I'll bet, Han thought, but he merely scooped up a handful of nuts and munched away without replying. "The Chief of State," he said once he was done chewing, all the while thinking it still felt odd to refer to Leia that way, "makes her opinions known in her daily remarks on 'Net channel 765. Maybe you should try tuning in once in a while."
"Han, you wound me," remarked Zhen, who then gathered up some of the liki nuts, gave them a quizzical look, then shrugged and ate them anyway. "And after I saved your ass at Abregado-rae -- "
"Hey," Han cut in. "I was handling myself just fine -- "
"Against ten of Hirth's goons? Bad odds even for you, my friend."
Never tell me the odds, Han thought, but he didn't bother to argue. That had been a tight one, no doubt about it, and without Zhen's intervention he very well could have ended up in a dumpster behind the LoBue Cantina. Still, although he had to admit that he owed Zhen one, he wasn't about to start spilling state secrets. Not that he even had any to spill.
Leia was more worried about the current situation with the Empire than even she wanted to admit, and Han could see why. The defection of ten worlds in less than six standard months was unprecedented, and things didn't seem to be getting much better. True, it had all happened peaceably enough -- the New Republic couldn't force worlds to remain members, after all, or it would be just as bad as the Empire. But if they were laying bets in the casinos to see which world went next, well, even Han had to admit that wasn't a good sign.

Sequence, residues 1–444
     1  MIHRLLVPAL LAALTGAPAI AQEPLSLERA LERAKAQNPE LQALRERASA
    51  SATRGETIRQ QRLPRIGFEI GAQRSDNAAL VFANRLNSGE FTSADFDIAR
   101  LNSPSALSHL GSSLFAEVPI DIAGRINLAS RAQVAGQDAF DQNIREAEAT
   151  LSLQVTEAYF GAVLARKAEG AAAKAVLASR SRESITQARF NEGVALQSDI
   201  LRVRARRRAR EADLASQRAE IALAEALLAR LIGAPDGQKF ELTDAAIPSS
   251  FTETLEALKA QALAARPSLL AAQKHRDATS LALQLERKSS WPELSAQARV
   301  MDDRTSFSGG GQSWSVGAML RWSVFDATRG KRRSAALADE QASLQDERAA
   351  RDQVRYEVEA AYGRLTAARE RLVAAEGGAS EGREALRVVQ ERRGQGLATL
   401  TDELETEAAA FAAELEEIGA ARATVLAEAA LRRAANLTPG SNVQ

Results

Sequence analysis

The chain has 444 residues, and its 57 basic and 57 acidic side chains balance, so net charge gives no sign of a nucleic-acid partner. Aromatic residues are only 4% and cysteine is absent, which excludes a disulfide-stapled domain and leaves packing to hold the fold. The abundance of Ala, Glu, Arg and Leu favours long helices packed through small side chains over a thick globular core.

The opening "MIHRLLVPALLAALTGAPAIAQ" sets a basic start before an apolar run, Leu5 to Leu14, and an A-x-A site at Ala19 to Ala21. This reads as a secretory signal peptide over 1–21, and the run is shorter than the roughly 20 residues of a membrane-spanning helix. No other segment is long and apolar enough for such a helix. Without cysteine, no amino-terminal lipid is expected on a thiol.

He'd been almost as startled as Leia to discover that Shelarne Viraess planned to marry this new Emperor, the man who had once been her superior. After all, Han had been there on Kessel and had seen the woman cradling the body of a man she had loved, and then, less than two standard weeks later, Leia had told him that Viraess was to become the Empire's first Empress. He'd had a hard time wrapping his brain around that concept but had finally just chalked it up to yet another example of women's inexplicable natures. Just when you thought you had them figured out, bam! they would pull some kind of maneuver that just left you scratching your head.
Whether or not Viraess' connection to the Emperor, this Kezler character, had anything to do with the Empire's surging fortunes, he couldn't be certain. And when you looked at it logically, sure, ten systems weren't that big a deal when you compared them to the countless thousands that still numbered themselves among the New Republic. But as Leia had once said when referring to the growth of the Rebellion, the greatest of floods could start with just a trickle.